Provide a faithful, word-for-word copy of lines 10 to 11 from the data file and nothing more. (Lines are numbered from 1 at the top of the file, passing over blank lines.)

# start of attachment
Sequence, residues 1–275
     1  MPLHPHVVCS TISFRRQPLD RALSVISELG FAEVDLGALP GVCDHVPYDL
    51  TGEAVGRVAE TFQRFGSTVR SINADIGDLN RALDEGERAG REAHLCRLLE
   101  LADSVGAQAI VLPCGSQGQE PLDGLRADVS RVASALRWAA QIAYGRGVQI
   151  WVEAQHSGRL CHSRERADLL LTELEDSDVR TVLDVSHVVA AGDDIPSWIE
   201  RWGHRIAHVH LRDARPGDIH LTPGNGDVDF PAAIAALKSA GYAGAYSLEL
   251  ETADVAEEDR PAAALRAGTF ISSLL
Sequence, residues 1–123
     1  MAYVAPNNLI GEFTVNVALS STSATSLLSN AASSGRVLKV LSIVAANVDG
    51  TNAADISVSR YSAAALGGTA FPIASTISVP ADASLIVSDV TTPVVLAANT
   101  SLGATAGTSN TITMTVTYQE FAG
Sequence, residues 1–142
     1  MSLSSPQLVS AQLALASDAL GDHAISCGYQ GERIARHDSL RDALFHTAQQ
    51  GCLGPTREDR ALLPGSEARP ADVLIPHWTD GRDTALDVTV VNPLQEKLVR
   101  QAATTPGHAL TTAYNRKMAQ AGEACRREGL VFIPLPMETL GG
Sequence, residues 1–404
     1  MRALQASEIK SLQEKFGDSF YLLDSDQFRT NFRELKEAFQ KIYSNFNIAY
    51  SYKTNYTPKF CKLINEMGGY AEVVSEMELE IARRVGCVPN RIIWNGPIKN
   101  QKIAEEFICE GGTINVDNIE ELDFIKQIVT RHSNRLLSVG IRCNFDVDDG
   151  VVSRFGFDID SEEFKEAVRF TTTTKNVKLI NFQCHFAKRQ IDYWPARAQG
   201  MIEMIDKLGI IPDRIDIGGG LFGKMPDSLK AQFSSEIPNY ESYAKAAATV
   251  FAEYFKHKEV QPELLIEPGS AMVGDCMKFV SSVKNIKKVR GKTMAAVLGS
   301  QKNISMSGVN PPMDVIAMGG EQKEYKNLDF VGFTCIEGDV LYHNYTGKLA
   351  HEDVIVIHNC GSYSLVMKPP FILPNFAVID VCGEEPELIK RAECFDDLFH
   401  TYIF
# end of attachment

    51  TNAADISVSR YSAAALGGTA FPIASTISVP ADASLIVSDV TTPVVLAANT
   101  SLGATAGTSN TITMTVTYQE FAG